Pioneering aviator Wally Funk is set to beat one of John Glenn's spaceflight records.
In 1961, at just 21 years old, Funk became one of the famous "Mercury 13" — women who made it through the"Women in Space" program led by NASA astronaut physician Dr. Randy Lovelace.
In the program, which wasn't affiliated with NASA, a group of women participated in rigorous physical and mental testing in parallel with NASA's (male) Mercury 7 astronauts, who were training for space. Many of the women excelled, with Funk scoring even better than Glenn, one of the Mercury 7, on some of these tests.
Now, Funk — who went on to lobby the federal government to send women to space and spend decades as an aviator, flight instructor and much more — is on target to beat Glenn's record for the oldest person to reach space with her flight aboard Blue Origin's New Shepard suborbital rocket system, which is set to launch July 20 from the company's facility in the West Texas desert.
Related: Blue Origin to fly female aviator Wally Funk on 1st crewed launch
Funk is 82. In October 1998, at the age of 77, Glenn became the oldest person to reach space when he launched on the STS-95 mission of NASA's space shuttle Discovery. (In February 1962, he had set another mark, becoming the first American ever to orbit Earth.)
The July 20 mission will be the first crewed spaceflight of New Shepard, which is named for Mercury 7 astronaut Alan Shepard, who also went on to fly with NASA's Apollo program and land on the moon as part of Apollo 14.
"They told me that I had done better and completed the work faster than any of the guys," Funk said about her time with the "Mercury 13" in a video released by Blue Origin on Thursday (July 1), when Funk's involvement in the mission was announced. "I didn't think that I would ever get to go up."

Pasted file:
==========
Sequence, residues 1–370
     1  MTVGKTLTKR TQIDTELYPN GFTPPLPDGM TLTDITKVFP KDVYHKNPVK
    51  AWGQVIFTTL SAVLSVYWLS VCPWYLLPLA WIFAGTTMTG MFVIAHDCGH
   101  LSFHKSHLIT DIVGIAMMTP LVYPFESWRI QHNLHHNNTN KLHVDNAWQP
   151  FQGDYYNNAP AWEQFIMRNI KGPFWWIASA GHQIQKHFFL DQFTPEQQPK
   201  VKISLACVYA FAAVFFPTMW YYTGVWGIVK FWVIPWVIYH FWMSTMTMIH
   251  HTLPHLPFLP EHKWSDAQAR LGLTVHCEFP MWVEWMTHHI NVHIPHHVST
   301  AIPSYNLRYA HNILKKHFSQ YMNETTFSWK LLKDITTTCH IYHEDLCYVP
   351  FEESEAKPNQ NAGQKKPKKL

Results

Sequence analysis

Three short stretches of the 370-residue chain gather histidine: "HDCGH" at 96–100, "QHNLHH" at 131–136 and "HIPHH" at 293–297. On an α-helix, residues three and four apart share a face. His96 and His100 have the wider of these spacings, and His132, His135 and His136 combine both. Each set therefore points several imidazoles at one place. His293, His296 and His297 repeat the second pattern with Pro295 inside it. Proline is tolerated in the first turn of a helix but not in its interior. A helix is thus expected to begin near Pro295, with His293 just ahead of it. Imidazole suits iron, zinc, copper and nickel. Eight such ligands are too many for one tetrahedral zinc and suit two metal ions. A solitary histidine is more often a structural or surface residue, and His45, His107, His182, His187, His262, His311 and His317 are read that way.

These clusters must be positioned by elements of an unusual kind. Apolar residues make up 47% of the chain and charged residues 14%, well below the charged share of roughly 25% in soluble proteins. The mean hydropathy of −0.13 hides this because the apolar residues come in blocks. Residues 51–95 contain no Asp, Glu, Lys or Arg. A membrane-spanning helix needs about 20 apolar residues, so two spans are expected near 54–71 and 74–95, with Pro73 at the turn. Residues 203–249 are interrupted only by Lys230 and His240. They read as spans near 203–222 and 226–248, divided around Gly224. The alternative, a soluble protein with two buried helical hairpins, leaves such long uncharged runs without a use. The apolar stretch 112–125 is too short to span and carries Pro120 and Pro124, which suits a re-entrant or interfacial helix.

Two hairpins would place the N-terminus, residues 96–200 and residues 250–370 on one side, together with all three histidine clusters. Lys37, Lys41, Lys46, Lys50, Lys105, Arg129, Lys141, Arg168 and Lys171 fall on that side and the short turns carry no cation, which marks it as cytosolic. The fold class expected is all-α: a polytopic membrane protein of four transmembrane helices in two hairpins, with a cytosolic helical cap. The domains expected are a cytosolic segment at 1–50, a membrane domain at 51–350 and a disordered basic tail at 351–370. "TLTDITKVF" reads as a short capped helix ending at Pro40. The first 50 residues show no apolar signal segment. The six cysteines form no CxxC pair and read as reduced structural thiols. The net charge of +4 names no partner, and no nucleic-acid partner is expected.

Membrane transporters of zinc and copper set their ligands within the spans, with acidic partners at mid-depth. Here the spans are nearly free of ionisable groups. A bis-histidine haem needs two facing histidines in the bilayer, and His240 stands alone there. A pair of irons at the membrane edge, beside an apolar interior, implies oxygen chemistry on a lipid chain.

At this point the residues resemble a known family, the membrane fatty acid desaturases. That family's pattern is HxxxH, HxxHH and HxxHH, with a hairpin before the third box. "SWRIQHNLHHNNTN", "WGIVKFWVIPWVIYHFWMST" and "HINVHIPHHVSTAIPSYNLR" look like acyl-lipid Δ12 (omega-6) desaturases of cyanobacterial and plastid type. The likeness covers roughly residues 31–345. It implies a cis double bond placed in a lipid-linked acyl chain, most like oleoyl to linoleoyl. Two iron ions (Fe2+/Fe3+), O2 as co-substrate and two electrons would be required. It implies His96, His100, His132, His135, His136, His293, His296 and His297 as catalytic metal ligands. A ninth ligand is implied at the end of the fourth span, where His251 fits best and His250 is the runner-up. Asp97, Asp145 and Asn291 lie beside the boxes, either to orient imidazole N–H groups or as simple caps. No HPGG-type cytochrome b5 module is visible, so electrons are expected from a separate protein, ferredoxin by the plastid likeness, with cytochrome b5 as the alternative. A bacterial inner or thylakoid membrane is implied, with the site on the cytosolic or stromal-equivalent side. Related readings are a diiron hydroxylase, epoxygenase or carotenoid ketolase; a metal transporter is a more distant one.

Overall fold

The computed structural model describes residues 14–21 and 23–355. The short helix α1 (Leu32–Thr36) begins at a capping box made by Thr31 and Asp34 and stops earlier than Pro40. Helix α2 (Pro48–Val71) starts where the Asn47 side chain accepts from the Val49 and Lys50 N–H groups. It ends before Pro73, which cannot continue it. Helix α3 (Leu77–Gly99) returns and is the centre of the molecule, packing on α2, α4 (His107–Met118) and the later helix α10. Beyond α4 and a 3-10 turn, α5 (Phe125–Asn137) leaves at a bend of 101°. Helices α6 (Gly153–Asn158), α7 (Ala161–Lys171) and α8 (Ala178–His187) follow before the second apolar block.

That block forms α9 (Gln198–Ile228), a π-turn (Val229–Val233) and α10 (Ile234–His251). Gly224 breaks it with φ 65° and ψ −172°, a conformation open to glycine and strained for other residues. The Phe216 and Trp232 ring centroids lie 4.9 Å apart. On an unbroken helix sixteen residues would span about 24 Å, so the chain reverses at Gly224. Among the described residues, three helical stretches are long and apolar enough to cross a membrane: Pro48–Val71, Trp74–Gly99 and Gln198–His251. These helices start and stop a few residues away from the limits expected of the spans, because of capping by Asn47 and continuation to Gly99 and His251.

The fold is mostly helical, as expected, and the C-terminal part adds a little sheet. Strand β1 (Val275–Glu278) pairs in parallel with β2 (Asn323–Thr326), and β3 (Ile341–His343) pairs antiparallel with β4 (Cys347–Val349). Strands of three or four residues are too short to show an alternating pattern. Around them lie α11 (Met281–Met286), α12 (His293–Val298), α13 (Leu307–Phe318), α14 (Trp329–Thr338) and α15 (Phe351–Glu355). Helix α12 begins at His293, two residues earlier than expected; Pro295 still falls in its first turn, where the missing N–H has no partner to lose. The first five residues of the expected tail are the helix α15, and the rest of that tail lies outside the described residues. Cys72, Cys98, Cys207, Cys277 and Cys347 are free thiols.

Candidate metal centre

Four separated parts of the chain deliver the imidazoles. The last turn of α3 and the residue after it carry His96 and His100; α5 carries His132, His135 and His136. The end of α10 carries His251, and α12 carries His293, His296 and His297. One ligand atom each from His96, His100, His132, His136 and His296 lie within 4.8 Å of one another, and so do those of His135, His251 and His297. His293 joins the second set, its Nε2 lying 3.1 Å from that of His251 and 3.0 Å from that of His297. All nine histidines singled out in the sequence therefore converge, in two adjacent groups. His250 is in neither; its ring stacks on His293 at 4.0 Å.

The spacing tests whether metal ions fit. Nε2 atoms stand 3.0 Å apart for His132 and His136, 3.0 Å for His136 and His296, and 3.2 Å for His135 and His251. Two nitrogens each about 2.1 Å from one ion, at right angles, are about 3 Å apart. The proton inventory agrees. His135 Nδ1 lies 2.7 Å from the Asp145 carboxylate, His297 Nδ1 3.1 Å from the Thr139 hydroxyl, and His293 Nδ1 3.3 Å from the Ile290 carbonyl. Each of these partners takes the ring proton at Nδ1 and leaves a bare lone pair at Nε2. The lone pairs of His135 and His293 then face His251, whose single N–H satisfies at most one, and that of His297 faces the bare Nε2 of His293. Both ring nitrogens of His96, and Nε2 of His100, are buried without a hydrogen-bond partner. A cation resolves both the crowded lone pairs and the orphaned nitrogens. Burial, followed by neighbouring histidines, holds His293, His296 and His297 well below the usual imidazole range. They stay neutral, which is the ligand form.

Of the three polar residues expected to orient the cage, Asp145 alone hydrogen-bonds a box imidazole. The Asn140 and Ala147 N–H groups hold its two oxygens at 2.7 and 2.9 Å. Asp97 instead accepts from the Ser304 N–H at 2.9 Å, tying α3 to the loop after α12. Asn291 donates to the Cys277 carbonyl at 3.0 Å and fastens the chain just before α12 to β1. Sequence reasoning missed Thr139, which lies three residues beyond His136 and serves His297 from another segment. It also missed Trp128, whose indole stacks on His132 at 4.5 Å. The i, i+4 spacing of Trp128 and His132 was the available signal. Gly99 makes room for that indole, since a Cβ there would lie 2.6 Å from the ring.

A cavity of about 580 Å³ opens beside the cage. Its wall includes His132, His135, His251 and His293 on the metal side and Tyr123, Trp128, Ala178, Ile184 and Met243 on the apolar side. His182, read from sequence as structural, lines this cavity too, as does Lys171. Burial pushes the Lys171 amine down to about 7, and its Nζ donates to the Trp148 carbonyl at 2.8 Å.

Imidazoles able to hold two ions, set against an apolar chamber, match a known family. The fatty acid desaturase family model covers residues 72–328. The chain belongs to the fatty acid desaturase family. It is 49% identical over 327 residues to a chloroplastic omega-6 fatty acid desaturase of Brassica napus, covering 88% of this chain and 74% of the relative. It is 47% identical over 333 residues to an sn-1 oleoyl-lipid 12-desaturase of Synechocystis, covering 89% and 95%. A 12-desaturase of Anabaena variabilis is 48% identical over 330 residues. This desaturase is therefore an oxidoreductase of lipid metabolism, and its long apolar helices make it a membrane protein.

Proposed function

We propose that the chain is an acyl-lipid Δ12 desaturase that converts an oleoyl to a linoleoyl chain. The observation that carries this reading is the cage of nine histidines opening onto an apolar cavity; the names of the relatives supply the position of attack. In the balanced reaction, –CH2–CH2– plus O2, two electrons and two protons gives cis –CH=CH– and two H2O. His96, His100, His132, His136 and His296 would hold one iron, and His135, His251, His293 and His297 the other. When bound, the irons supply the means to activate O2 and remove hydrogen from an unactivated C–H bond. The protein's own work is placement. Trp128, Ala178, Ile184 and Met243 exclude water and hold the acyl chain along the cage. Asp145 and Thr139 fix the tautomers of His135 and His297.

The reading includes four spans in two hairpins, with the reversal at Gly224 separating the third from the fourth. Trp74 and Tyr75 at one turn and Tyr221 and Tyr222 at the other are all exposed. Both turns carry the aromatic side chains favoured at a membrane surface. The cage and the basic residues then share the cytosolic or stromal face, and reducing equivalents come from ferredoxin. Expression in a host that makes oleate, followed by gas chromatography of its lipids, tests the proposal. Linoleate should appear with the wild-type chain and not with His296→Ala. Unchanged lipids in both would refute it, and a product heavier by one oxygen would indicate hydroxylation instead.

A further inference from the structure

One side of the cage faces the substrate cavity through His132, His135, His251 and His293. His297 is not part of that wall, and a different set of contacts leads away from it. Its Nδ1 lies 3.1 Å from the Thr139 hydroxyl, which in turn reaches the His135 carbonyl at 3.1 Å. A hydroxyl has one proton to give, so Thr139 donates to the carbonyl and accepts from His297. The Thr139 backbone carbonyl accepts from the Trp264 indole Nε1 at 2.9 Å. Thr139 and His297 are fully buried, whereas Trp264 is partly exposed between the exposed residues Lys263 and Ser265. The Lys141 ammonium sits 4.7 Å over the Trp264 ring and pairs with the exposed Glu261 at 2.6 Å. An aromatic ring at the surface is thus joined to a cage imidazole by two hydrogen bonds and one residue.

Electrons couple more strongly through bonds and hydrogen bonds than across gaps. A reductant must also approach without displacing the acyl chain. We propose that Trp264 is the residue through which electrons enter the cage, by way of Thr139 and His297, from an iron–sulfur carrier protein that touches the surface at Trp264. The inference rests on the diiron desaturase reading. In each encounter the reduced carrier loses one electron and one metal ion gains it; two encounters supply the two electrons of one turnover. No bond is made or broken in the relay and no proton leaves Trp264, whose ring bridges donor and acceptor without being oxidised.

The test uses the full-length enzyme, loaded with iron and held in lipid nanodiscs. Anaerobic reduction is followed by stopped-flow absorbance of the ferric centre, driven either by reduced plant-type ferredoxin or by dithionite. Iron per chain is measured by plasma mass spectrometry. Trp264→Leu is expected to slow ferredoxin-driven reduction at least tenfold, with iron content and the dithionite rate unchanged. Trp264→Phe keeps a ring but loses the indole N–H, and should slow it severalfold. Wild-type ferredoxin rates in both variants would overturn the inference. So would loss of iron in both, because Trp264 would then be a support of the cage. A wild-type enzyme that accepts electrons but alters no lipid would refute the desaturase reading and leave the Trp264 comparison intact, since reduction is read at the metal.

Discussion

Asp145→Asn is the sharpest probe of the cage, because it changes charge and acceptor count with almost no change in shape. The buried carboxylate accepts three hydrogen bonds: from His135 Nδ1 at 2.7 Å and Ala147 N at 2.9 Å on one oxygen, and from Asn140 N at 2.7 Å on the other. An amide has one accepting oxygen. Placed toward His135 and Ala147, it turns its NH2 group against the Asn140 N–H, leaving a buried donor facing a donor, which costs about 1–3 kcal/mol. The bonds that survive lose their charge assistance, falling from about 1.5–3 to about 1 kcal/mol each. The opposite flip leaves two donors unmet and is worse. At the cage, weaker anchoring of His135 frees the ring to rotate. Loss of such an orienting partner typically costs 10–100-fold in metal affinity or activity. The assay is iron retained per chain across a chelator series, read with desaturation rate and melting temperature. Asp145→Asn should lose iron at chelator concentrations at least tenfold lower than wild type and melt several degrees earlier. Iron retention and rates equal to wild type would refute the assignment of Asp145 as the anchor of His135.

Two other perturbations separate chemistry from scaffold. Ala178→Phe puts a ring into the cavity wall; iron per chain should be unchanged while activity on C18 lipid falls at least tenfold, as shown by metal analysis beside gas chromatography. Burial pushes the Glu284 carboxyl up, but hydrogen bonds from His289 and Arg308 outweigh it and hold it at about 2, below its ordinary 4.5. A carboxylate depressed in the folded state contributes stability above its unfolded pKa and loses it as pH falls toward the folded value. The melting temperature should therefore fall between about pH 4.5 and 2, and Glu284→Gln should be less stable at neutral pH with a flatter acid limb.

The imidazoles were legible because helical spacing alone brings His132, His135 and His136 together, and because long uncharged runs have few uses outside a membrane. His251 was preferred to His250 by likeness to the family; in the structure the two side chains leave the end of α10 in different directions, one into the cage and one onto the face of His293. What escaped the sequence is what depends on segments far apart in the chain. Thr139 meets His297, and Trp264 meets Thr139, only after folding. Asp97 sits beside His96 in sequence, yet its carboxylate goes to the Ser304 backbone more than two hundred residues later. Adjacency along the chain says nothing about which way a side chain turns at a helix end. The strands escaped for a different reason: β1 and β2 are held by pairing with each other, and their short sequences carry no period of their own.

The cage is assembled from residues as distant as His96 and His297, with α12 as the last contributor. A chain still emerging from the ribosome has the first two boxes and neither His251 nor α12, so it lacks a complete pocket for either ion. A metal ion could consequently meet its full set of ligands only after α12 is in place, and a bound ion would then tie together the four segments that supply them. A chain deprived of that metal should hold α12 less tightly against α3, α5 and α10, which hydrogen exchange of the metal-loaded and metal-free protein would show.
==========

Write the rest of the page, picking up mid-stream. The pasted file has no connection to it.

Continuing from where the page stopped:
More: Jeff Bezos will join passengers on Blue Origin's 1st crewed flight
Funk and 12 other of the women "graduated" from the "Women in Space" program, completing all of the assigned tests. The test that Funk particularly excelled at, compared to other participants and the Mercury 7 who were in training, was the sensory deprivation tank test.
For this test, the women were put in a dark, enclosed tank, and Funk lasted a remarkable 10 hours and 35 minutes before staff ended the test. Glenn, on the other hand, lasted three hours in his test, which took place in a dark room, according to a 2009 Wired article. Fellow "Mercury 13" member Rhea Hurrle also lasted over 10 hours in the tank.
If the July 20 New Shepard mission goes as planned, Funk will spend approximately four minutes floating in microgravity before the craft takes the passengers back to Earth. The total flight time will be about 11 minutes.
"I'll love every second of it," Funk said in the same video. "I can hardly wait."
Funk will not be the only passenger aboard this crewed suborbital flight, which can fit a total of six passengers. She will be joined by Blue Origin chief and Amazon founder Jeff Bezos, Bezos' brother Mark and an additional flyer who was the highest bidder during a three-round auction for the seat.
The auction winner, whose identity has not yet been revealed, paid $28 million for the seat, Blue Origin has said. The money will go to Club for the Future, the company's science and technology outreach organization.
Blue Origin will not be launching the only crewed suborbital flight this July if everything goes to plan. On Thursday, shortly after Blue Origin announced that Funk will fly on July 20, Virgin Galactic announced that it aims to fly its crewed, suborbital Unity-22 mission as early as July 11. Virgin Galactic's mission will include four pilots and four mission specialists, including the company's founder, the billionaire Richard Branson.
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